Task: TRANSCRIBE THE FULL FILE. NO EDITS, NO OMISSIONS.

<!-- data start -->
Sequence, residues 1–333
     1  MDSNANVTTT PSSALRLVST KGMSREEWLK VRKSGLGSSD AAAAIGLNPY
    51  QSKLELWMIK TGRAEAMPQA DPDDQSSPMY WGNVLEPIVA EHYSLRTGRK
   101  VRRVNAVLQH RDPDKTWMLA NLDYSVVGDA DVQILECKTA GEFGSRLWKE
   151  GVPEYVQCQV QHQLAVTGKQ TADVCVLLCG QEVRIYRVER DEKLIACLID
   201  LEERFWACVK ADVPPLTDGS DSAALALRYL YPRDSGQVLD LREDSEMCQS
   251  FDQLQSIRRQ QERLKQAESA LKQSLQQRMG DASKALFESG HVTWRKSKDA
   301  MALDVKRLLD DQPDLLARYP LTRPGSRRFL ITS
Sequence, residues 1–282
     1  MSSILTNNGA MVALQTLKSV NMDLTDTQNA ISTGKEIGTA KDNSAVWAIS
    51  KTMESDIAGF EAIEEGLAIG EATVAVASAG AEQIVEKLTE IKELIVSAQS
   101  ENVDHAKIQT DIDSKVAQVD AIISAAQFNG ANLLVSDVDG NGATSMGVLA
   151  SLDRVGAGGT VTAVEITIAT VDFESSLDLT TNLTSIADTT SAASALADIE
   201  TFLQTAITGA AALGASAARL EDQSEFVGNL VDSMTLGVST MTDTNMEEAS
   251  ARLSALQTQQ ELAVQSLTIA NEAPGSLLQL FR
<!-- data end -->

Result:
Sequence, residues 1–333
     1  MDSNANVTTT PSSALRLVST KGMSREEWLK VRKSGLGSSD AAAAIGLNPY
    51  QSKLELWMIK TGRAEAMPQA DPDDQSSPMY WGNVLEPIVA EHYSLRTGRK
   101  VRRVNAVLQH RDPDKTWMLA NLDYSVVGDA DVQILECKTA GEFGSRLWKE
   151  GVPEYVQCQV QHQLAVTGKQ TADVCVLLCG QEVRIYRVER DEKLIACLID
   201  LEERFWACVK ADVPPLTDGS DSAALALRYL YPRDSGQVLD LREDSEMCQS
   251  FDQLQSIRRQ QERLKQAESA LKQSLQQRMG DASKALFESG HVTWRKSKDA
   301  MALDVKRLLD DQPDLLARYP LTRPGSRRFL ITS
Sequence, residues 1–282
     1  MSSILTNNGA MVALQTLKSV NMDLTDTQNA ISTGKEIGTA KDNSAVWAIS
    51  KTMESDIAGF EAIEEGLAIG EATVAVASAG AEQIVEKLTE IKELIVSAQS
   101  ENVDHAKIQT DIDSKVAQVD AIISAAQFNG ANLLVSDVDG NGATSMGVLA
   151  SLDRVGAGGT VTAVEITIAT VDFESSLDLT TNLTSIADTT SAASALADIE
   201  TFLQTAITGA AALGASAARL EDQSEFVGNL VDSMTLGVST MTDTNMEEAS
   251  ARLSALQTQQ ELAVQSLTIA NEAPGSLLQL FR